Suppose we would like to create a sequence in a table already filled with data. I found this solution to be pretty easy:
insert into seq values ('York'),('Boston'),('Chicago') 
select * from seq 
--step 1, I create a table and populate it with three rows now I count the rows 
select count(*) from seq 
--and start my sequence from the rowcount+1 
create sequence myseq 
as int 
start with 4 
increment by 1 
--I add a new column 
alter table seq  
add conta int 
--I add a constraint 
alter table seq 
add constraint addseq 
default (next value for myseq) for [conta] 
--Insert a new row 
Insert into seq values ('Seattle',default) 
--Select again 
select * from seq 
--as you can see we have three rows with null value. They are the rows inserted before the constraint 
declare @co int 
select @co=count(*) from seq where conta is null 
declare @inc int 
set @inc=1 
while (@inc<=@co) 
declare @city as nvarchar(10) 
select top 1 @city=cok from seq where conta is null 
update seq set conta=@inc where cok=@city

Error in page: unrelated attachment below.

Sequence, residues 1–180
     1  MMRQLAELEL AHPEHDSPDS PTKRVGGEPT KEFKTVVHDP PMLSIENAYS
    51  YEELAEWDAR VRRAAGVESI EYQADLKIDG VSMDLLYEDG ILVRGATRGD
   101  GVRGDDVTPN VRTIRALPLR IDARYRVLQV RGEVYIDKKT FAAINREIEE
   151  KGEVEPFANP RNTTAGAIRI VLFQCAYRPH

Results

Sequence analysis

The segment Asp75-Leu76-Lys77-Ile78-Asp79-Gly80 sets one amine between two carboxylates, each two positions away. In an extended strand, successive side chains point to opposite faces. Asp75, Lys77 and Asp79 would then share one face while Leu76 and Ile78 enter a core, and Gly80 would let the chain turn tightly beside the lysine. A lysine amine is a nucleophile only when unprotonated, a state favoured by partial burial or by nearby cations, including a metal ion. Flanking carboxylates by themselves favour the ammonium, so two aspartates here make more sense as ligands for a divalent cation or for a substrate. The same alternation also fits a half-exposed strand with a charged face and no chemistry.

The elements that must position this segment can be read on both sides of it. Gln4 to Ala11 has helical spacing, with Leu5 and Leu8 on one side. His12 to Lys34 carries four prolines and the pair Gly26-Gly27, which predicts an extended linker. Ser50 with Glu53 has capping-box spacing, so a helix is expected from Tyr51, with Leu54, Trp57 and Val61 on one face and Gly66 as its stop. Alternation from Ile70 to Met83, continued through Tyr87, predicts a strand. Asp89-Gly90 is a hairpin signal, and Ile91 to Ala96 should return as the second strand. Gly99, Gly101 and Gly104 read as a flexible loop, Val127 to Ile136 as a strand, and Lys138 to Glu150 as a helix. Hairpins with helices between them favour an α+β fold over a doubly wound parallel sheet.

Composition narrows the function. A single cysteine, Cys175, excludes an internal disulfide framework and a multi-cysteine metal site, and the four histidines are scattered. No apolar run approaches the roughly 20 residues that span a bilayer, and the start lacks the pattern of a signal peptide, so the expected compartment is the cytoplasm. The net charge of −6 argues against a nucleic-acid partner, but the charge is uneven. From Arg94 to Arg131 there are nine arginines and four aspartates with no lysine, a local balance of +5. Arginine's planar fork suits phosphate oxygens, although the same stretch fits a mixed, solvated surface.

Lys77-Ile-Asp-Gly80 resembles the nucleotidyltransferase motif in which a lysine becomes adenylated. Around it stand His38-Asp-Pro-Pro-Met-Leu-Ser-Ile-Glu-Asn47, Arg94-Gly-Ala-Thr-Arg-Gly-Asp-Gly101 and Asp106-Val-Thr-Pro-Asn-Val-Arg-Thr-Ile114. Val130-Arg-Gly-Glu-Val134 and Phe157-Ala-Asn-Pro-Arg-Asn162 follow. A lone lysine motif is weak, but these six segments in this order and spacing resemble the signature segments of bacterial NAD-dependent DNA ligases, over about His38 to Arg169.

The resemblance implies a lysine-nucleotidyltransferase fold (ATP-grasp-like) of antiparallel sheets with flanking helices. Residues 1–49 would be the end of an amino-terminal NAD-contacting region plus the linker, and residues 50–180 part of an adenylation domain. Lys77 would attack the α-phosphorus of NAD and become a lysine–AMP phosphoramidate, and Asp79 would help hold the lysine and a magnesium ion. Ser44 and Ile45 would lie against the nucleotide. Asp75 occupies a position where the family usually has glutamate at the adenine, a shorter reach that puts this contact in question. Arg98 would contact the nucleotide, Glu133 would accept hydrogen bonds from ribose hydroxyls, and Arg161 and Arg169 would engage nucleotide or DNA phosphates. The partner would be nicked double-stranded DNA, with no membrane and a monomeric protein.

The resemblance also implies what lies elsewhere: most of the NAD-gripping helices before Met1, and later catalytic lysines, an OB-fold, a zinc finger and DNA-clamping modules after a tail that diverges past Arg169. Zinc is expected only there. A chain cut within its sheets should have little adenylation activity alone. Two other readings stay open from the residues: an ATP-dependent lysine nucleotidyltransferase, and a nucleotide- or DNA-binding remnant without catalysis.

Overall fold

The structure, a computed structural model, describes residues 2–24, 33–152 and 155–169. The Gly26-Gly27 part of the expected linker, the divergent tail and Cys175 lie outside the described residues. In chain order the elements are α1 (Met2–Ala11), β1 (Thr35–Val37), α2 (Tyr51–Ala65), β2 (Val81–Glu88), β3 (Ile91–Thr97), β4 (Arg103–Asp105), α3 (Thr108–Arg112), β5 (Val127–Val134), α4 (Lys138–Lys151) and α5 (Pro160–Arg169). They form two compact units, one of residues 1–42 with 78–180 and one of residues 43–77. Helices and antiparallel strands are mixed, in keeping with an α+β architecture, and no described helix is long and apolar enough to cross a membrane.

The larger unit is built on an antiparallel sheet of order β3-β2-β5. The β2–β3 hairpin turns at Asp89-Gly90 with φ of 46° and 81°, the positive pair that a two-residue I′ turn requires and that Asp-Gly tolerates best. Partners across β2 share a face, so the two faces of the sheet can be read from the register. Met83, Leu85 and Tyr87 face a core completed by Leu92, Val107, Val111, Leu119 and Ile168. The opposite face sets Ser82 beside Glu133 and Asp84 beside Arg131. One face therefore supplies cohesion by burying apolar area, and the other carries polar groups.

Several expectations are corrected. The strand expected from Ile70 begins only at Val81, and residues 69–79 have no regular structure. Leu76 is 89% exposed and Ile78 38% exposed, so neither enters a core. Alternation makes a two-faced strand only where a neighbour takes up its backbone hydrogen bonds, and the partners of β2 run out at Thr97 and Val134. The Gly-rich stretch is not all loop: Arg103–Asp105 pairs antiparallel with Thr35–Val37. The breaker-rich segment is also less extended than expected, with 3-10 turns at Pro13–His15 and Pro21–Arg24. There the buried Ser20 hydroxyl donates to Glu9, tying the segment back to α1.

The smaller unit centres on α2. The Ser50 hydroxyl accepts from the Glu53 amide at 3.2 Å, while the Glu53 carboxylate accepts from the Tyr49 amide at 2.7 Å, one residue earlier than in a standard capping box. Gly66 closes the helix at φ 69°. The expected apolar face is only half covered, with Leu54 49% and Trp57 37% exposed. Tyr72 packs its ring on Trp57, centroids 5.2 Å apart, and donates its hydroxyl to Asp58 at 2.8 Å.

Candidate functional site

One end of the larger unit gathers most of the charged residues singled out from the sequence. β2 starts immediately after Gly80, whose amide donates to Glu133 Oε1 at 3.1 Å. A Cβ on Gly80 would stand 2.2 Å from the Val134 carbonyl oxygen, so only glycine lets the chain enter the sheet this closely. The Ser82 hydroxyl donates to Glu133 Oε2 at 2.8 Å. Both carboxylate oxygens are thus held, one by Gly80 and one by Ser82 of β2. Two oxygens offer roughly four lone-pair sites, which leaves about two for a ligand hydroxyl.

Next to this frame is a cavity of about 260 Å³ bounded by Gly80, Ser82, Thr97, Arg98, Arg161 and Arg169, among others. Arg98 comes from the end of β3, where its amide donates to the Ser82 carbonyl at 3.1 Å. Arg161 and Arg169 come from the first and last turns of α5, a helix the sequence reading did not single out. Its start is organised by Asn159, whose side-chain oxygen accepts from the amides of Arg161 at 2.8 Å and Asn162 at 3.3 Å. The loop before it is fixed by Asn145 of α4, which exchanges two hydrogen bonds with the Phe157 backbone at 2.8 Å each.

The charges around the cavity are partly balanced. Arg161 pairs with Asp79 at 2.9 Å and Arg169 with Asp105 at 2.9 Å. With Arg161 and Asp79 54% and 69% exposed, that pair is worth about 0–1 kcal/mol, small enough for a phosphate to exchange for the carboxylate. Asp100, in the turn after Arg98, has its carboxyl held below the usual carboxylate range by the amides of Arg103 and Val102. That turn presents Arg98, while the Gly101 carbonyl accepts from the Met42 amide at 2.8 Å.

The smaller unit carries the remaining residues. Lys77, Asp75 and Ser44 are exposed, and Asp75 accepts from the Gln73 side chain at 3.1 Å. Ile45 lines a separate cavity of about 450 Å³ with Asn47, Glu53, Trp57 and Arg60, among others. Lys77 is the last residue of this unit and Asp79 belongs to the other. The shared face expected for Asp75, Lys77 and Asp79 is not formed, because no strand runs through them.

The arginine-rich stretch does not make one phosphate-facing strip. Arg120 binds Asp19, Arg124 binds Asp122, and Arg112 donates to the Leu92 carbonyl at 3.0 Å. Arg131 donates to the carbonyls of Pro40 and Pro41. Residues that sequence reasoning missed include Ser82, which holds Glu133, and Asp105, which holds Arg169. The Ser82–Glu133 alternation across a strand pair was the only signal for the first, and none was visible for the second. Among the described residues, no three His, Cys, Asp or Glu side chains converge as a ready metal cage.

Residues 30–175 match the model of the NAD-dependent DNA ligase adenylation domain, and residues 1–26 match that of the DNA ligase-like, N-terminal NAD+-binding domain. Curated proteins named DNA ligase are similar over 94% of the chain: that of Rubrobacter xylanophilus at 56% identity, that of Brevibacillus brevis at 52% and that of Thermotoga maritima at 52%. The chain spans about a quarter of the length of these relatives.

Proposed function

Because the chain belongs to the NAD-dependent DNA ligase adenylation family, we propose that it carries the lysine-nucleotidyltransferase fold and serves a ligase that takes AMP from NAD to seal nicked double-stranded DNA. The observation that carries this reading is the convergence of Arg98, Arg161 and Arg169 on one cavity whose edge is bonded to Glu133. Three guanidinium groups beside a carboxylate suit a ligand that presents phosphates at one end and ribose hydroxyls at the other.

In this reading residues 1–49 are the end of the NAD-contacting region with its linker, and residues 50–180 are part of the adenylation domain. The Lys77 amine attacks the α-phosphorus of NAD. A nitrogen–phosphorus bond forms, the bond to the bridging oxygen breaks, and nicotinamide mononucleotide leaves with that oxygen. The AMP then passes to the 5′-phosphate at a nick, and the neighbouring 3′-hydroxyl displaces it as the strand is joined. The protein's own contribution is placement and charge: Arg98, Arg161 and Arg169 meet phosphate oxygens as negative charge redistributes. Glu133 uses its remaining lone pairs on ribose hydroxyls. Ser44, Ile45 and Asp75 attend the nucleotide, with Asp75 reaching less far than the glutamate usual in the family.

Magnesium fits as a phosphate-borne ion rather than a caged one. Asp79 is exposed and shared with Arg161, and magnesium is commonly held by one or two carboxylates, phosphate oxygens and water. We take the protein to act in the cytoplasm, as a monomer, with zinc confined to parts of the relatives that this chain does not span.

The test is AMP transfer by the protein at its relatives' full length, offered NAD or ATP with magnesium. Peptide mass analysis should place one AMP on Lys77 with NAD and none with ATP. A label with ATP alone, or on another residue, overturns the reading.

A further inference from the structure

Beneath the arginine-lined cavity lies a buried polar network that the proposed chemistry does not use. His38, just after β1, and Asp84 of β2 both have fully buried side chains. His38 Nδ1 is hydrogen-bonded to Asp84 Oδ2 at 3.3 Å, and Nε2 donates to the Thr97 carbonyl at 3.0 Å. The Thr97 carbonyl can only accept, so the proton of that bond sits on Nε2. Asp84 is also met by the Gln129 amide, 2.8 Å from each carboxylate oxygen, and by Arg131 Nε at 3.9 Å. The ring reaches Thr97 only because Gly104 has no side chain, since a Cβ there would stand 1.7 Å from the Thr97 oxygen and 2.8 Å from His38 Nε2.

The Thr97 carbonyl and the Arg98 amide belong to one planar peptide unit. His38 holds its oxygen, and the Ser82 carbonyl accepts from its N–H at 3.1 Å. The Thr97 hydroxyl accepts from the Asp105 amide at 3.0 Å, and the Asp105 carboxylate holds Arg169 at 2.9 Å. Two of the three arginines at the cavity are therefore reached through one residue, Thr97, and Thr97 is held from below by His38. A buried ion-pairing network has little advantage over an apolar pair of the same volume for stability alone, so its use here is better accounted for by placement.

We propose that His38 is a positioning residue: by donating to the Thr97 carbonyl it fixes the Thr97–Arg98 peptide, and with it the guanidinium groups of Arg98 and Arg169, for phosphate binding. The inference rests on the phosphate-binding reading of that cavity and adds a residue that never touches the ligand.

set @inc=@inc+1 
--now all the rows follow a sequence
The first step is to count the already existing rows. The second step is to create a new column. The third (the most important) step is to create a sequence that starts from the count value +1. At this point the sequence starts but now we need to fill it with the null value. This short code is really useful for a lot of situations. We count the rows one by one and we update the rows (in this case from 1 to rowcount). This code can also be used when you want to create a new sequence without creating a sequence ( if you don't care to insert any other row you can use the code to populate the column with an incremental order).  

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